Skip to Main content Skip to Navigation
Conference papers

Exploring the "last biotic frontier": are temperate forest canopy special for saproxylic beetles?

Abstract : Conserving saproxylic beetles in a complex forest landscape will require knowledge about the habitat requirements of most species to prioritize actions or to make informed decisions. As well as tropical forests, temperate forests are also stratified but patterns are similarly not well established. There remains great uncertainty about how much temperate forest canopies contribute to global species richness estimates and the relative specialization of insect species to vertical zones. Are canopy special? How valuable are faunistical lists based on ground sampling? Would canopy-based sampling help establish more realistic estimates of species diversity in temperate hardwood forests? To compare diversity patterns of canopy and understory saproxylic beetles, we merged three French datasets in this study: the two first originated from an investigation of the fauna of different canopy or understory oak and maritime pine dead branches using emergence traps in lowland forests, and the third compared flying beetle faunas at canopy and understory levels in beech-fir stands in highland forests. Canopy vs understory saproxylic beetle assemblages were compared in terms of species richness, species composition and nestedness, indicator and discriminating species, and basic guild structure. Overall, the highest cumulative and mean species richness were observed in understory samples. More characteristic species were identified in understory deadwood than in canopy dead branches and a low overlap of shared species was measured. Assemblage composition significantly differed between canopy and understory. The dominant underlying process in the community divergence between understory and the canopy was spatial turnover and not nestedness in all cases. The 3 tree species showed significant differences in guild structure in understory and canopy samples. Our investigation demonstrated a significant but not sharp vertical stratification of saproxylic beetle assemblages in temperate forests and a lower contribution of forest canopy compared with understory strata to saproxylic beetle diversity.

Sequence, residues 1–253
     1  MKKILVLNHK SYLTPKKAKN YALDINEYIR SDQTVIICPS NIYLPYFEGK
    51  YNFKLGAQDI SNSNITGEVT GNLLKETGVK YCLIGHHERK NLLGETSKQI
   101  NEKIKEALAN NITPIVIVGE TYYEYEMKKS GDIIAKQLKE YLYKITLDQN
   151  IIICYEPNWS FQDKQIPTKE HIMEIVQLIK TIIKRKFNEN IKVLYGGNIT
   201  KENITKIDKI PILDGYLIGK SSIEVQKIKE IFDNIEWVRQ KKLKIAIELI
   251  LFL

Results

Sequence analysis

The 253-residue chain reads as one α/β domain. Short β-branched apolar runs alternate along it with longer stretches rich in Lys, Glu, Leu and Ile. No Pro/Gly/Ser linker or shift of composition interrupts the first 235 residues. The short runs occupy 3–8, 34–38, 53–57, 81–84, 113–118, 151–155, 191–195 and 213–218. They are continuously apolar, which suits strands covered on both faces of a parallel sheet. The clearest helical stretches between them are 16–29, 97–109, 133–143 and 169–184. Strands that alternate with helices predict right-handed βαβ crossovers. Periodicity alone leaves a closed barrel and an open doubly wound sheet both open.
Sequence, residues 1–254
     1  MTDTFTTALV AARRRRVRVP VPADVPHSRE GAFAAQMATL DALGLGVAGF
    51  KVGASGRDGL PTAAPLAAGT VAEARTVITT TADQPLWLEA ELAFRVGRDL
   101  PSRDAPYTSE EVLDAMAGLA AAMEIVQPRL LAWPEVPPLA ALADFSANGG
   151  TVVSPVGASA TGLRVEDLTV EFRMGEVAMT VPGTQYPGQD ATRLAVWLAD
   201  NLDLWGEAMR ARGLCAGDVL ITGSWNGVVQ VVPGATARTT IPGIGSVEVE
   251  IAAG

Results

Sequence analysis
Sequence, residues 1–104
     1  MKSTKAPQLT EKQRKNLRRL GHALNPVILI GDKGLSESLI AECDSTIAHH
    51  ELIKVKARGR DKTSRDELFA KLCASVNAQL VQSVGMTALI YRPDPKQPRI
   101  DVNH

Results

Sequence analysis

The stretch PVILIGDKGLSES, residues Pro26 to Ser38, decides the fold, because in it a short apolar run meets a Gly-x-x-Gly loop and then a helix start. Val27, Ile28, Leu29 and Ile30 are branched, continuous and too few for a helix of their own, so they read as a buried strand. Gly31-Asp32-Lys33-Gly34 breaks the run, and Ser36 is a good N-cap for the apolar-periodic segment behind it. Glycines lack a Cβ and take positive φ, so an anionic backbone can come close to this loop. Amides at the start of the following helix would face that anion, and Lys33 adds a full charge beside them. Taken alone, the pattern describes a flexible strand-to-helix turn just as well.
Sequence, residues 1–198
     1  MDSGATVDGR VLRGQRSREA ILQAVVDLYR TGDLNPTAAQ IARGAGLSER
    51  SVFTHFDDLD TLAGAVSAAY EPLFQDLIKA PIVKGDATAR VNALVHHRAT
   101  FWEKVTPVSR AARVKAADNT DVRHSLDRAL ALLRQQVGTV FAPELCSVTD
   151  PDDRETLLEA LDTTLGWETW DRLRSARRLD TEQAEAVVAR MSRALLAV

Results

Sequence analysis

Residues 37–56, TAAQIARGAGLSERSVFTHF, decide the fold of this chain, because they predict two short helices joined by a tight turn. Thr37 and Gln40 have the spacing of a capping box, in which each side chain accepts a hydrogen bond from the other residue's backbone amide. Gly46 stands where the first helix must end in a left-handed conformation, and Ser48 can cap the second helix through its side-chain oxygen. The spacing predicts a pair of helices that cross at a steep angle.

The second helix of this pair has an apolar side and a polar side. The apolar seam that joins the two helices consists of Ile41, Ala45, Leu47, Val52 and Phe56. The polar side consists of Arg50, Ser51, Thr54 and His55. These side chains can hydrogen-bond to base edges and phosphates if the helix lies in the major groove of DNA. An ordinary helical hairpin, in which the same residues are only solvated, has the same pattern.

Document type :
Conference papers
Complete list of metadata
Contributor : Migration Irstea Publications <>
Submitted on : Friday, May 15, 2020 - 5:07:19 PM
Last modification on : Wednesday, February 17, 2021 - 3:32:52 AM


  • HAL Id : hal-02593290, version 1
  • IRSTEA : PUB00028899



Christophe Bouget, Antoine Brin, Hervé Brustel. Exploring the "last biotic frontier": are temperate forest canopy special for saproxylic beetles?. 6th European symposium and workshop on the conservation of saproxylic beetles, Jun 2010, Ljubljana, Slovenia. pp.22. ⟨hal-02593290⟩



Record views